This team followed specific protocols for airing out and clearing goods with smoke from aromatic herbs and saltwater. They used vinegar to wash their hands after handling potentially contaminated items.
“[City officials] knew that trade and the flow of goods was not possible if health was not guaranteed,” explains Daniele Andreozzi, a professor at the University of Trieste who studies ancient port cities.
While it operated, the Venetian system involved hundreds of city officials. Prior to it, community care for the sick was relegated to charity efforts and religious orders.
It was not a temporary response to disaster but rather a permanent, government-run, continuous monitoring effort that endured until military general Napoleon Bonaparte’s conquest of the region in 1797. And that approach was necessary: The bubonic plague swept Europe repeatedly over the centuries.
Despite the city’s vigilance, monitoring the population was difficult. “The plague does not send to warn which ship it arrives on,” wrote an 18th-century Venetian health official. Officials could not check every caravan or smuggler, nor stop all wedding feasts attended by potentially infected people, Andreozzi says.
In addition, officials did not have deep medical or scientific knowledge of how the plague spread. They had no understanding, for example, of the timeframe between exposure to bacteria and the emergence of symptoms.
As a result, though some experts believe the system limited the size and frequency of outbreaks, the plague continued to ravage Venice, with outbreaks into at least the 17th century. An especially large episode in 1630 killed approximately one-third of the population in Venice and Bologna.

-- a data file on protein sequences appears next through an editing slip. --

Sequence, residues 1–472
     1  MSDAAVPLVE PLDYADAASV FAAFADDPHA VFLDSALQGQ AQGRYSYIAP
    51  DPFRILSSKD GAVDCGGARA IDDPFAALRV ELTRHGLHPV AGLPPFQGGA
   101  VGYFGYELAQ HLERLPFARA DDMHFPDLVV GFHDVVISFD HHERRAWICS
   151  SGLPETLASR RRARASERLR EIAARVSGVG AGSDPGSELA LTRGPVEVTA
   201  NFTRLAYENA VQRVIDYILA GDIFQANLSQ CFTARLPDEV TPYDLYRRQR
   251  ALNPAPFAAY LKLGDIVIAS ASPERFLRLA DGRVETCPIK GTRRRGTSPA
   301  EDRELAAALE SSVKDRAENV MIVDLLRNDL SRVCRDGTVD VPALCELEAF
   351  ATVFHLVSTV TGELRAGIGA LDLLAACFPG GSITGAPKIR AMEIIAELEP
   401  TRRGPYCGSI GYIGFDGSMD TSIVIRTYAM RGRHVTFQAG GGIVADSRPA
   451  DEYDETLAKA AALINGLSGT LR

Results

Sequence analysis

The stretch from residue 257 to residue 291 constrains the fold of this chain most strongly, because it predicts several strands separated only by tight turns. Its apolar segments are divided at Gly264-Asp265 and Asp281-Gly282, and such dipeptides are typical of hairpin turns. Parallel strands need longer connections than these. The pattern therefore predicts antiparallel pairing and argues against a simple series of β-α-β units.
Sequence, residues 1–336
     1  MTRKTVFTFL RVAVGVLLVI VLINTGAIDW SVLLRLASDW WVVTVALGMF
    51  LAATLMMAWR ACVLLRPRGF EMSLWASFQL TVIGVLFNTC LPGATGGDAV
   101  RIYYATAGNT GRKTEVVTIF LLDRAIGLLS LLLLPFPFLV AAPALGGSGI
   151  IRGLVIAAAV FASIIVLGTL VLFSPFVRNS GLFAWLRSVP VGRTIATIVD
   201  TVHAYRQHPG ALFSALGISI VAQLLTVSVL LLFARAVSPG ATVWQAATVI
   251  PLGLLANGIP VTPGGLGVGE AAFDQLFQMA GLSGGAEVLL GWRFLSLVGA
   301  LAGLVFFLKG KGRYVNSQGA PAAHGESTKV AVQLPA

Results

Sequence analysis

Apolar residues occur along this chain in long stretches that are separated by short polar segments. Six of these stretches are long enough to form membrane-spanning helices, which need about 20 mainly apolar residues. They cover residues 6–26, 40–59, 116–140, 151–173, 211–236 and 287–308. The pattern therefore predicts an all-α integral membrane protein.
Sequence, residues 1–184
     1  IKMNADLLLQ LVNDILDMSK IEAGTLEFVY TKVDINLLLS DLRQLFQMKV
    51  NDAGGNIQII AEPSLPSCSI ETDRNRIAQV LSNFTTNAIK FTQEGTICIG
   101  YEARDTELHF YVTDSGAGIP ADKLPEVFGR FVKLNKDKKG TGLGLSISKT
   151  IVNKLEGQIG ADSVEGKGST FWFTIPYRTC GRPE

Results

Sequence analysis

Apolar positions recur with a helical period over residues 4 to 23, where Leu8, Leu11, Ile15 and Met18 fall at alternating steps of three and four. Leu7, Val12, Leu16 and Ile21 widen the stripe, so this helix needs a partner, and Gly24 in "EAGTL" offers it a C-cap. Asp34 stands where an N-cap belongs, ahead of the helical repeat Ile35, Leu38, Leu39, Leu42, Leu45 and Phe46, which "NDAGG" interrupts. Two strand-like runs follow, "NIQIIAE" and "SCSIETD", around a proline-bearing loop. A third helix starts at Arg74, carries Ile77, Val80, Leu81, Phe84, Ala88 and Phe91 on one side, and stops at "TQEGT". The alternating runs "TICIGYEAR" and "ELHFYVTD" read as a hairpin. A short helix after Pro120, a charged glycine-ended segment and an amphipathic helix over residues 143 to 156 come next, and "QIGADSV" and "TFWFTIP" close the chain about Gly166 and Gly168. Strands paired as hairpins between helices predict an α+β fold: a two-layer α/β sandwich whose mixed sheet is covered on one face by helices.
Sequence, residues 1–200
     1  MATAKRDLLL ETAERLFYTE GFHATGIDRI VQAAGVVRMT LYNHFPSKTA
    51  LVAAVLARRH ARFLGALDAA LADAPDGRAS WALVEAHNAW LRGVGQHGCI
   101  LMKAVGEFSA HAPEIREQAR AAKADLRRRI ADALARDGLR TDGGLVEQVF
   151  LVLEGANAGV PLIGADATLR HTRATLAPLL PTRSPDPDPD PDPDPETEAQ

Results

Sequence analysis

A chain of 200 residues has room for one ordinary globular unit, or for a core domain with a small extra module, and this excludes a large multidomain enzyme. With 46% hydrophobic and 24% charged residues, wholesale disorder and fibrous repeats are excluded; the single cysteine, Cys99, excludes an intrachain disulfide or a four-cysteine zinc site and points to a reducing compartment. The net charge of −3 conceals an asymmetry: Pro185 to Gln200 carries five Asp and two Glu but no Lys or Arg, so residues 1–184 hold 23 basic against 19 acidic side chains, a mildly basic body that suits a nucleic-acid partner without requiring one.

Archaeologists are gaining insights into the limits of the Venetian system by studying mass graves on both islands that were discovered in the past two decades. Matteo Borrini, a forensic anthropologist and lecturer at Liverpool John Moores University, has examined and studied about 200 bodies discovered on Nuovo.
Borrini explains that patients were generally bound for Vecchio. However, the remains on Nuovo reveal that, when the plague did reach the city, Venice became so overwhelmed that medical officials also sent sick people and the bodies of those who had died to Lazzaretto Nuovo.
The graves on Lazzaretto Nuovo showed signs that they had been reopened multiple times to add bodies, he said, “layering them like a lasagna.” Most significantly, the graves illustrate how the plague spared no one.
A study of the bones offers clues to the victims’ diets. Some remains came from people who consumed a lot of meat, an option only for wealthy Venetians. Others who died had dined on middle-class fare, rich in fish and vegetables. Still others ate mainly grains, typical among the poor.
“A pandemic is in many ways really a democratic event,” Borrini says. “Plague could kill anyone, more or less at the same ratio, so, in the cemetery, you also have a perfect picture of Venetian society frozen in that moment.”
Jane L. Stevens Crawshaw, author of Plague Hospitals: Public Health for the City in Early Modern Venice, notes that Venice’s quarantine history, however flawed, holds enduring lessons. “It shows, then and now, how difficult it is for a cosmopolitan trading center to escape infectious disease,” she says.
Nonetheless, Venice’s maritime quarantine became a model for other parts of Italy and the world more widely, influencing American lazarettos that quarantined incoming immigrants. Indeed, Crawshaw notes, Venice’s approach was a way for the government to put its citizens at ease.
“On a deeper level, this really shows how public health has always been about more than medicine. It’s also about politics and economics, and societal benefits, like making people feel safe,” Crawshaw says. “The quarantine system in Venice made the port seem more trustworthy and safe. It looks as though you are taking some responsibility.”